New York Yankees’ legendary shortstop Derek Jeter made his fourteenth and final appearance in the MLB All-Star Game last night at Target Field in Minneapolis. Jeter got a pair of hits and scored the first run of the game, but, more importantly, was given the type of heartwarming sendoff that we have come to expect from the midsummer classic. Here are five other times baseball’s gathering of stars left us with something memorable to talk about.

1. Ted Williams’ Return To Fenway Park (1999)

In case it wasn’t cool enough to trot out the greatest hitter in the game’s history before the game, just look at this video and count the murderers’ row of future Hall-of-Famers in this clip:

That’s not even counting the guys that will never make it into the Hall strictly based on the steroid speculation surrounding that era of baseball. Unfortuntately for Bud Selig, he can keep the players out, but he can’t erase the memories created by baseball during the ’90s.

2. Mariano Rivera Flies Solo At Citi Field (2013)

The Mariano Rivera Retirement Tour made a midseason stop across town at Citi Field for the 2013 version of the Midsummer Classic. AL Manager Jim Leyland wanted to make sure that Rivera got a chance to pitch in his final All-Star Game, so he brought the closer in for the eighth inning rather than the ninth. As Rivera trotted in from the bullpen to his iconic warmup song – “Enter Sandman” by Metallica – both teams remained in the dugout, allowing the crowd to focus its adoration solely on the Yanks’ fireman that made a career out of throwing one mostly unhittable pitch (WARNING: big time nerd alert on the link).

3. Cal Ripken Homers In Final Game At Safeco Field (2001)

Ripken was making his nineteenth All-Star appearance, with fourteen of those coming as a shortstop. He was scheduled to start at third base, after sliding over in the latter years of his career after his range diminished. As the AL took the field for the top of the first, shortstop Alex Rodriguez relinquished his position and switched spots with Ripken, allowing Ripken to set the record for most All-Star appearances at shortstop (fifteen). Then, in the bottom half, Chan Ho Park piped one right down the middle to Ripken, who crushed it over the wall for a solo homer. Ripken would garner MVP honors for the second time in his career, just the fourth player at the time to do so.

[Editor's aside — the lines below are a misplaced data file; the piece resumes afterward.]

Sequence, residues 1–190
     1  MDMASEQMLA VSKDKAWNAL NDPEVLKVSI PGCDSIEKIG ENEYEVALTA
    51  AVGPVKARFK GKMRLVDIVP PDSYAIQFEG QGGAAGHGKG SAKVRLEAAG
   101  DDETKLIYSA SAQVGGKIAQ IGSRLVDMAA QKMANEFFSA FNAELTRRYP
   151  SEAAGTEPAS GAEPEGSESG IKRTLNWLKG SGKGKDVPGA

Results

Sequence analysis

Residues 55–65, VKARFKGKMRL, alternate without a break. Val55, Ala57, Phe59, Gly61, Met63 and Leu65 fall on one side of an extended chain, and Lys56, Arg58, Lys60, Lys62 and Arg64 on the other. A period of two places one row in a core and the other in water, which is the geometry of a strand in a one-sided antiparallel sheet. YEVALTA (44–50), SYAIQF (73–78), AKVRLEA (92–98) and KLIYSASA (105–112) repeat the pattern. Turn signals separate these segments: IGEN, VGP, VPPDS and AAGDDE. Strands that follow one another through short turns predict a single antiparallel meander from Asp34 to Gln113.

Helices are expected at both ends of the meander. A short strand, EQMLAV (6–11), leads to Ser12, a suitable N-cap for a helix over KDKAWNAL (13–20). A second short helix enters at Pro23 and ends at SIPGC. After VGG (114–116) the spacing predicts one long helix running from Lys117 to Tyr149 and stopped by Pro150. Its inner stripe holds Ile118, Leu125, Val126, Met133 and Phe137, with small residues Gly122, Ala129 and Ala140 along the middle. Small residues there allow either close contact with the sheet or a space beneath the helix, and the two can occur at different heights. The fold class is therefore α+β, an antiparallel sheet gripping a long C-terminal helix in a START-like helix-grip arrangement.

4. Pete Rose Levels Ray Fosse At Riverfront Stadium (1970)

Bottom of the twelfth, all knotted up at four – doesn’t sound like the time for Charlie Hustle to lay off, even in an exhibition game. So, he didn’t. Rose came barreling around third as the potential winning run, lowered his shoulder into a young Ray Fosse, and knocked the ball loose to secure the win for the National League. This play is noteworthy not because of Rose’s hustle, but the fact that the collision caused a fracture and a dislocation of Fosse’s shoulder that was improperly diagnosed, leading to permanent damage that derailed the career of the promising young catcher.

5. Tie Game At Miller Park (2002)

Unfortunately, one of the most memorable moments (at least of this generation) in All-Star history was also the most disappointing. After a grossly mismanaged game in which both teams ran out of pitchers in the eleventh inning, Bud Selig elected to end the game in a 7-7 tie. Not content with merely ruining one game, Selig doubled down on the issue by declaring after that debacle that the game would “mean something” and would determine home-field advantage for the World Series in subsequent years.


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